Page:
Background: Leadership and perceived organizational support inspire trust in the leader and in the organization. Consequently, these aspects may contribute to a reduction in job burnout among nurses and, in the end, of the intention on their part to leave the hospital. It is crucial to develop models in order to simultaneously test the correlations between these relevant psychosocial variables, so that complexity of the nursing work environment may be better understood. Objectives: We expected to give support to and to further corroborate results in the literature linking perceived leadership style – and particularly servant leadership – perceived organizational support, trust in the leader and in the organization, job burnout among nurses and their subsequent intention to leave the hospital. Design: Cross-sectional study. Setting: Two Italian large size public hospitals. Participants: Two samples including both graduates and non-graduates members of the nursing staff. Overall mean age was equal to 42.06 years while the general mean for tenure was 12.99 years. Data were collected in 2012. Methods: A regression model with latent variables was tested via structural equation modeling using LISREL. The multi-sample procedure was also applied in order to test invariance of results between the two samples. Results: Servant leadership was positively associated with trust in the leader and perceived organizational support was positively associated with trust in the organization. Trust in the leader and trust in the organization displayed a negative correlation with the emotional exhaustion and cynicism factors of job burnout, and a positive correlation with the professional efficacy factor. Furthermore, trust scores mediated the effects of servant leadership and perceived organizational support on job burnout factors. The cynicism factor was negatively associated with intention to leave the organization and it also mediated the effects of both trust in the leader and servant leadership on intention to leave. On the other hand, trust in the organization turned out to be directly and negatively related to intention to leave. Conclusions: Servant leadership and perceived organizational support showed their relevance in the nursing setting. The role of trust in the leader, trust in the organization and job burnout factors as mediating variables received support. Interestingly enough, the higher the cynicism score the higher the intention to leave the hospital. The results achieved may have practical implications not only for recruitment and training of nurse managers but also for hospital management.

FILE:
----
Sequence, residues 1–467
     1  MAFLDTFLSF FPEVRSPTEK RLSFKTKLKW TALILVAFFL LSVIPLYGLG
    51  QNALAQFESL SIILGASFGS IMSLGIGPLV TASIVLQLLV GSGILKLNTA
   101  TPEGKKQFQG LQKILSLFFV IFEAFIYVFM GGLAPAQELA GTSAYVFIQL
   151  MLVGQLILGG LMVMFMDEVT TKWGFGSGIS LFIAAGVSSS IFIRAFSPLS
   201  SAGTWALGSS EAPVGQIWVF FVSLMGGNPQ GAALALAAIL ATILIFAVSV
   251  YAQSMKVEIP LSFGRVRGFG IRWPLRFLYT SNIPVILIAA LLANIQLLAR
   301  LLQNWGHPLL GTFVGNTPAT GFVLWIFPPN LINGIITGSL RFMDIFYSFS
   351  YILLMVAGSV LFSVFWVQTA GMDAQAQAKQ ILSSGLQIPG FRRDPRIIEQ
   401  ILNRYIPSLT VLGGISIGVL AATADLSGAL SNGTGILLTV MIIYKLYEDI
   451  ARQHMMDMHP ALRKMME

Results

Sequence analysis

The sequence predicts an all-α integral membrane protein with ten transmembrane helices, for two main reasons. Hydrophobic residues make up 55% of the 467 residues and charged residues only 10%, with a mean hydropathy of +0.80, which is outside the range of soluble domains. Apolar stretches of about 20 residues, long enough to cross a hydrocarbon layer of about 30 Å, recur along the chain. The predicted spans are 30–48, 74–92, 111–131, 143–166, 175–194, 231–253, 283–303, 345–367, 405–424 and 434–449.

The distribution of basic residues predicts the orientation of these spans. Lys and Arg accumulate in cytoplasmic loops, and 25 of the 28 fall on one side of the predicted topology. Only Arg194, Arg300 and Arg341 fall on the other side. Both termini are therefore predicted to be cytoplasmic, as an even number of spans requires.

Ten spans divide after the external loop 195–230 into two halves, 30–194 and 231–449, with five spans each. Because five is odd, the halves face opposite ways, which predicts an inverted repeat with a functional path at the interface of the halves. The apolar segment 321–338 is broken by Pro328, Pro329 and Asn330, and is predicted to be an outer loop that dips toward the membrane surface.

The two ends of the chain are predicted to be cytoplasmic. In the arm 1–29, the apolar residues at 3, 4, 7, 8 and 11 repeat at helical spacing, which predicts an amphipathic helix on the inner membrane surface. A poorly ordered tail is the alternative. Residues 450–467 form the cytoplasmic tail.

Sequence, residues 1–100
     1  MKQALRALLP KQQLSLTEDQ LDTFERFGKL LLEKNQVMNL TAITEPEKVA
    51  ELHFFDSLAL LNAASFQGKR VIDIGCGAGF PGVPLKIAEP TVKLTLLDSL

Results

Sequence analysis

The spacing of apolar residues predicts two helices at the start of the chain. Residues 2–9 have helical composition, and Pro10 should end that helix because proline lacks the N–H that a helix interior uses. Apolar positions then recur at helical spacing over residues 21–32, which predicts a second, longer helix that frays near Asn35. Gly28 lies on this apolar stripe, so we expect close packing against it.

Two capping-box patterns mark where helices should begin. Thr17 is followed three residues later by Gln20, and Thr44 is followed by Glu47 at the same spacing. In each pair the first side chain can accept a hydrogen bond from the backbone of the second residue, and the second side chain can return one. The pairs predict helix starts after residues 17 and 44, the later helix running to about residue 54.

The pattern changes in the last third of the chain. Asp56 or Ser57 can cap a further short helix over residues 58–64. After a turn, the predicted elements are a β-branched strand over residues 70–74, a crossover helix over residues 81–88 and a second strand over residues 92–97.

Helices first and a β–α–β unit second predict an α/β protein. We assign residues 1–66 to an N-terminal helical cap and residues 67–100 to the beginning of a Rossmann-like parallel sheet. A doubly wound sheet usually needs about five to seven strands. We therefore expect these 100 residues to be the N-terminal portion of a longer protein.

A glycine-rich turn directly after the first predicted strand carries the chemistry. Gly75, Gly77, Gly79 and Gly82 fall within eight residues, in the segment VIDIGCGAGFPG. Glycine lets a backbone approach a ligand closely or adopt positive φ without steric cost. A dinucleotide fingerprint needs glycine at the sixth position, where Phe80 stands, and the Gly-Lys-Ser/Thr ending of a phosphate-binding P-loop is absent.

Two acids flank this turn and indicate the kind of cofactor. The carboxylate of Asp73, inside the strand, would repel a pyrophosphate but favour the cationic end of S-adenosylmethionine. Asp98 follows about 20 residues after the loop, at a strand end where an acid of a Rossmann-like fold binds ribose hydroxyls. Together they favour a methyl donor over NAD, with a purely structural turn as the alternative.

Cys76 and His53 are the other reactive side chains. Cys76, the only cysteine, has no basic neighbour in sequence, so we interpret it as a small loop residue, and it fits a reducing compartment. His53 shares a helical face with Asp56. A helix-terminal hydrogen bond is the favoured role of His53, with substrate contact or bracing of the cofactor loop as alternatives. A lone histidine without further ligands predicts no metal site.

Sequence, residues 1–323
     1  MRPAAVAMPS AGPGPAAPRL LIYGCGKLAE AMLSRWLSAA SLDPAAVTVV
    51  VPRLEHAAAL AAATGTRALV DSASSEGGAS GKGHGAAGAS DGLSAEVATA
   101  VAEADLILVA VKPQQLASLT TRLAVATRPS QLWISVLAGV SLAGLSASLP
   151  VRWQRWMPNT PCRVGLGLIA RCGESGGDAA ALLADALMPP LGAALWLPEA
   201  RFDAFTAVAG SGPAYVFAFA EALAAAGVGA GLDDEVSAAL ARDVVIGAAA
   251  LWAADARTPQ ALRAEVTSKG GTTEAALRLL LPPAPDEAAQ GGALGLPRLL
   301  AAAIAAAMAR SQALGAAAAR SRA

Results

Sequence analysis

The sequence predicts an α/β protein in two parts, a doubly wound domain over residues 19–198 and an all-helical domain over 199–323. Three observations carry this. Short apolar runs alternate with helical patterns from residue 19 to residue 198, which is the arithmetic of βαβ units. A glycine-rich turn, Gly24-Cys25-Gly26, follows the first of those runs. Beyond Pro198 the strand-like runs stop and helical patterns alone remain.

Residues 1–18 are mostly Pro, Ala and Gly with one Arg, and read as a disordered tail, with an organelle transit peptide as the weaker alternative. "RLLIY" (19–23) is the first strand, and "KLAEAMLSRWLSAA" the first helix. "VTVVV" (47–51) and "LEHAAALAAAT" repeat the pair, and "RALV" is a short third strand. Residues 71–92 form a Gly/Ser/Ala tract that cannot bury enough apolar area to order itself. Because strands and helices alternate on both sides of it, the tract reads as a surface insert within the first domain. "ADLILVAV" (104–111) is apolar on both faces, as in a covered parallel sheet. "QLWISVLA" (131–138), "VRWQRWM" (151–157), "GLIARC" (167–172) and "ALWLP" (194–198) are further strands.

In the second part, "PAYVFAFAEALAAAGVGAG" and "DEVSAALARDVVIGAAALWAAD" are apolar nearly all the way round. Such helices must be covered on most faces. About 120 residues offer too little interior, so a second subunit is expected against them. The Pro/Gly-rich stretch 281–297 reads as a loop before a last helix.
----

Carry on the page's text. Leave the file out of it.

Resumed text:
Antecedents of hospital nurses’ intention to leave the organization: A cross sectional survey

BOBBIO, ANDREA;MANGANELLI, ANNA MARIA
2015

Abstract

Background: Leadership and perceived organizational support inspire trust in the leader and in the organization. Consequently, these aspects may contribute to a reduction in job burnout among nurses and, in the end, of the intention on their part to leave the hospital. It is crucial to develop models in order to simultaneously test the correlations between these relevant psychosocial variables, so that complexity of the nursing work environment may be better understood. Objectives: We expected to give support to and to further corroborate results in the literature linking perceived leadership style – and particularly servant leadership – perceived organizational support, trust in the leader and in the organization, job burnout among nurses and their subsequent intention to leave the hospital. Design: Cross-sectional study. Setting: Two Italian large size public hospitals. Participants: Two samples including both graduates and non-graduates members of the nursing staff. Overall mean age was equal to 42.06 years while the general mean for tenure was 12.99 years. Data were collected in 2012. Methods: A regression model with latent variables was tested via structural equation modeling using LISREL. The multi-sample procedure was also applied in order to test invariance of results between the two samples. Results: Servant leadership was positively associated with trust in the leader and perceived organizational support was positively associated with trust in the organization. Trust in the leader and trust in the organization displayed a negative correlation with the emotional exhaustion and cynicism factors of job burnout, and a positive correlation with the professional efficacy factor. Furthermore, trust scores mediated the effects of servant leadership and perceived organizational support on job burnout factors. The cynicism factor was negatively associated with intention to leave the organization and it also mediated the effects of both trust in the leader and servant leadership on intention to leave. On the other hand, trust in the organization turned out to be directly and negatively related to intention to leave. Conclusions: Servant leadership and perceived organizational support showed their relevance in the nursing setting. The role of trust in the leader, trust in the organization and job burnout factors as mediating variables received support. Interestingly enough, the higher the cynicism score the higher the intention to leave the hospital. The results achieved may have practical implications not only for recruitment and training of nurse managers but also for hospital management.
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Utilizza questo identificativo per citare o creare un link a questo documento: https://hdl.handle.net/11577/3160126
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